For the past five years, I have taught a twelfth grade English elective called Contemporary American Short Stories. This past year, in addition to the traditional literary analysis that rests at the foundation of the course, I was very interested in studying how the stories that we read and wrote would provide the students with a different type of understanding: an understanding of self. I wanted the stories to teach the students a deeper sense of empathy for others and inspire within them a willingness to share their own personal truths as a way to connect. I have dubbed this notion “The Call to Reveal.”
As a person who is deeply committed to stories, I have learned that narrative, all narrative, inspires this call to reveal. We make meaning of our lives through the stories that we tell, and when we tell these stories, we also make personal connections. As such, there is not one uniform understanding of any story, and that is how we reach an appreciation for multiple, valid interpretations. By telling stories and revealing pieces of themselves, students learn that they are storied people. They bring their narratives to the table as a way of understanding themselves and their peers, as well as the stories that they have read in class.
To punctuate this point, I added a Performance Poetry unit to the second semester of the course, a time that could easily become less rigorous and demanding for graduating seniors. When I first introduced the unit and its goals to the students, I admit that they reacted with a mixture of incredulity and disdain. There was no way, they almost collectively claimed, that they could write, memorize, and perform a piece of poetry in front of the class. This was not what they had signed up for, and given the fact that it was second semester, the time commitment seemed too high and the task too daunting.
We persisted, and in doing so, I am proud to say that the students were met with tremendous success. After learning and practicing the skills of performance poetry, which included in-class writing exercises and peer reviews, and watching countless video performances on YouTube, the students received their assignment.
- The Topic of the Poem: “You Don’t Know Me”
- The Assignment: A 2-3 minute performance piece, written and memorized. Students were required to incorporate rich language and poetic devices, pay attention to the elements of performance that they had learned, and most importantly, honor The Call to Reveal.
- The Promise: Over the week of performances, the class would transform into an audience; all readings were met with gentle snaps instead of raucous applause, and all voices and ideas were honored and supported.
- By showing us videos of performances, I got very excited about creating my own poem, and I was motivated to do so. At first, I did not think that I could do it because it seemed impossible, but in the end, I learned a lot about myself and what I can do.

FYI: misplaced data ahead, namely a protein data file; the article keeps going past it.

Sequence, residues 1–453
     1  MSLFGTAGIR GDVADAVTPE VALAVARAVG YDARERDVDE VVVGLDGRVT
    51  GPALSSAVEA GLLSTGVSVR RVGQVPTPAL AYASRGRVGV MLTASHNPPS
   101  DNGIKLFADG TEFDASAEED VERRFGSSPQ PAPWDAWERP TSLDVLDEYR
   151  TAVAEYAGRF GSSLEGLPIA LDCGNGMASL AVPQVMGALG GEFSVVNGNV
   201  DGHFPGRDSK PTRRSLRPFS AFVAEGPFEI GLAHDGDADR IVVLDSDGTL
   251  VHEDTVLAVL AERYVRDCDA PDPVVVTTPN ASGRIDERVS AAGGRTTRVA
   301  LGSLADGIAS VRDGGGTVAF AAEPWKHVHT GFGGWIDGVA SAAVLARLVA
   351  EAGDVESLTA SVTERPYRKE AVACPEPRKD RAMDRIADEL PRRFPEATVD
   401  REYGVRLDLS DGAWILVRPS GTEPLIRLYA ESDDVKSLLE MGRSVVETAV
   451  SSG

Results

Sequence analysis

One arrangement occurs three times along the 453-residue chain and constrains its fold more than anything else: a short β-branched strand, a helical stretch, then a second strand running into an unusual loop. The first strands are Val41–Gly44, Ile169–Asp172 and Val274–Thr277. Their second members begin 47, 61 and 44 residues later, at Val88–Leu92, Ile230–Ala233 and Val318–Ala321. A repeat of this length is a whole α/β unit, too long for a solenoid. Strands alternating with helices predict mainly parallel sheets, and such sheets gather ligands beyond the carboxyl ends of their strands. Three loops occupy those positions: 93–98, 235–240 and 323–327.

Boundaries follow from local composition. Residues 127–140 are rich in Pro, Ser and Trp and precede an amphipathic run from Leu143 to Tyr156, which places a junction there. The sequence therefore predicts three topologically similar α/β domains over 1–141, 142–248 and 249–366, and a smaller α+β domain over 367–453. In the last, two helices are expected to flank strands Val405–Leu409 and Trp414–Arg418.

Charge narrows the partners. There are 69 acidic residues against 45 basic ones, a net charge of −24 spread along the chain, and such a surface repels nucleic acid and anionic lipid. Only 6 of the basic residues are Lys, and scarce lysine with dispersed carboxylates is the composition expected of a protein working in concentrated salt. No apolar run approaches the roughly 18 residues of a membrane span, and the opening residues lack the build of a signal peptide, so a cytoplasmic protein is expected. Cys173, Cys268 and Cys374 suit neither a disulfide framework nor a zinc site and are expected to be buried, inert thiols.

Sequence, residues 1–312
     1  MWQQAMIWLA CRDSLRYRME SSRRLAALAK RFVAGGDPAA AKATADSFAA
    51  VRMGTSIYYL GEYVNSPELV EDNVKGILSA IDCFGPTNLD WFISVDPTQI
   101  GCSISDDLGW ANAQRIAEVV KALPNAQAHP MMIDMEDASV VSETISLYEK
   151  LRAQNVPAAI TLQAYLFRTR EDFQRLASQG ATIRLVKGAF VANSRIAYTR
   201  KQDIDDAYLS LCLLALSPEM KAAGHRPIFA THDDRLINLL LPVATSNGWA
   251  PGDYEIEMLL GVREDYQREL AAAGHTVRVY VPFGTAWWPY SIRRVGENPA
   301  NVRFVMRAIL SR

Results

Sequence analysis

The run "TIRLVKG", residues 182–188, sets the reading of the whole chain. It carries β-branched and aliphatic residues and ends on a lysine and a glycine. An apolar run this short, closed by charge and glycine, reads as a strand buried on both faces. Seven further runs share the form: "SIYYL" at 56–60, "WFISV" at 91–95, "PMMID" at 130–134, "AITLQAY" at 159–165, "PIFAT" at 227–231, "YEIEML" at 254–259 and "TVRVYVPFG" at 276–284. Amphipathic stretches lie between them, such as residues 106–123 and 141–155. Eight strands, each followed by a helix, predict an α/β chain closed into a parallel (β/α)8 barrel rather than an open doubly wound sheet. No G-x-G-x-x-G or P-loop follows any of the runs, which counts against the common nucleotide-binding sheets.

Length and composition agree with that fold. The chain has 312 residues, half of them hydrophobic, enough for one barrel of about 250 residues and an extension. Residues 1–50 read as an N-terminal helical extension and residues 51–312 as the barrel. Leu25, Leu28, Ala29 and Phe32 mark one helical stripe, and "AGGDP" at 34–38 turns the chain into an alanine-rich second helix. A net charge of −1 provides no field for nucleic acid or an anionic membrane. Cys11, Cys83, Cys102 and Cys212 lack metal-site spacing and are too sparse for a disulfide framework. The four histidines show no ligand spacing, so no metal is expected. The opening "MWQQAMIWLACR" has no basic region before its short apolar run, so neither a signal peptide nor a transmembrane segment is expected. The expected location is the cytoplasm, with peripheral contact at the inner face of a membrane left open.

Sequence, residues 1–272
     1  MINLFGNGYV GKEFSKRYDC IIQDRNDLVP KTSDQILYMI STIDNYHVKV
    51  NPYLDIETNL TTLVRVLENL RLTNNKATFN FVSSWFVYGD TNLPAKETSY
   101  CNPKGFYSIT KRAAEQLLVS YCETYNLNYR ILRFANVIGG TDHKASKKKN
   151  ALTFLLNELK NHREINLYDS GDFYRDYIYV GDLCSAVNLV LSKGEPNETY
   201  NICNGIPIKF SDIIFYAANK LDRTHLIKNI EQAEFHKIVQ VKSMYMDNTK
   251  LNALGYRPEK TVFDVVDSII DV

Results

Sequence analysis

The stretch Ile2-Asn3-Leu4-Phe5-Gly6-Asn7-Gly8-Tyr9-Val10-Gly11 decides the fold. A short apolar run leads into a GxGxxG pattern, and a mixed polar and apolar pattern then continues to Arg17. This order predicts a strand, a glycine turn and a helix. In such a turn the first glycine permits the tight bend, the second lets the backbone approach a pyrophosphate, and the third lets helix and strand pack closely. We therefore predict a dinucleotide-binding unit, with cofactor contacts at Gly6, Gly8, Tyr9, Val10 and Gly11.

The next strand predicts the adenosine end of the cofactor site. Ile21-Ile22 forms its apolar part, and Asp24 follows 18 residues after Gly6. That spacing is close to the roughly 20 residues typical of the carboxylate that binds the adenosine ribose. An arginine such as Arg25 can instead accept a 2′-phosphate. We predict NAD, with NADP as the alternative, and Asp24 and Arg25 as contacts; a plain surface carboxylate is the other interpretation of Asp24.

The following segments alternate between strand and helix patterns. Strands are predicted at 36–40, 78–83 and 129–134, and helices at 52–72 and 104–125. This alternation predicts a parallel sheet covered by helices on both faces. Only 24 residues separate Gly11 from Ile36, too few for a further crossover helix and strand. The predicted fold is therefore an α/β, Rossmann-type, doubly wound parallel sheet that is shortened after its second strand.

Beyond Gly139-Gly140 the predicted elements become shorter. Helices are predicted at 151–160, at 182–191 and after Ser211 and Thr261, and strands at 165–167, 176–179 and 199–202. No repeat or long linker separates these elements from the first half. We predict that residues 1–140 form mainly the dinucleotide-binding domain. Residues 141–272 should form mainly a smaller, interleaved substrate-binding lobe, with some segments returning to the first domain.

- The performance poetry unit was amazing. I wish it went on for longer. That week was very special for everyone in the class because everyone opened up, and it taught us so much about each person and about ourselves. Public speaking is difficult for me and so was performing the poem, but I am so happy I was able to do it. I really feel like I accomplished something. I think performance poetry is such an amazing art and it really lets the poet open up in a safe space – which is the same goal as short stories, and all literature – the call to reveal.
- I was able to uncover more about myself than I would have thought. I also didn’t realize that I could write good stories that meant a lot to me. But, I was really able to know myself when I wrote my slam poem. I was able to show the class something about myself that I really care about.
- I do not have to tell you, because you already know, but performance poetry was SUCH a hit. I can admit it now, because the assignment is over, but I wrote my poem two days before performing it. The weeks before that I was working on an entirely different poem that I planned on performing. It was not really a call to reveal, it was not so personal, but it was safe. Your class has taught me that “safe” rarely produces a powerful paper. Being risky and vulnerable is what makes a topic endearing.
- One of the most surprising units in the course was the poetry unit. Most of the class was appalled by the idea, and I was no exception. I rarely voice my personal opinions or take time to reflect on myself. The poem made me think about certain aspects of my character that I have never given time to think about. The poem may have been intended to educate my classmates on who I am, but it simultaneously educated me on who I am.
- Of course, as with most of my classmates, the performance poetry unit was my favorite because it combined writing ability, creativity, and empathy all in one assignment.
When writing creatively, students tend to place themselves as the heroes in their own stories, but the narratives that help them grow the most are much more grueling and uncomfortable. They are the ones that push them to reveal their shortcomings, as well as their victories; to acknowledge and honor the valleys, not just the peaks. What surprised me most about this unit is not how well the students did with the assignment, but that it showed us, myself included, how the writing of story can reorient students towards a better understanding of themselves and their peers. Stories, whether they are fiction or not, help us make meaning out of our lives. They push us towards a heightened level of awareness of how we listen to others, empathize with them, and understand their perspectives to be as equal and as valid as our own. In the end, the students’ lives became that much more enriched by truly listening and learning from the stories that surround them every day.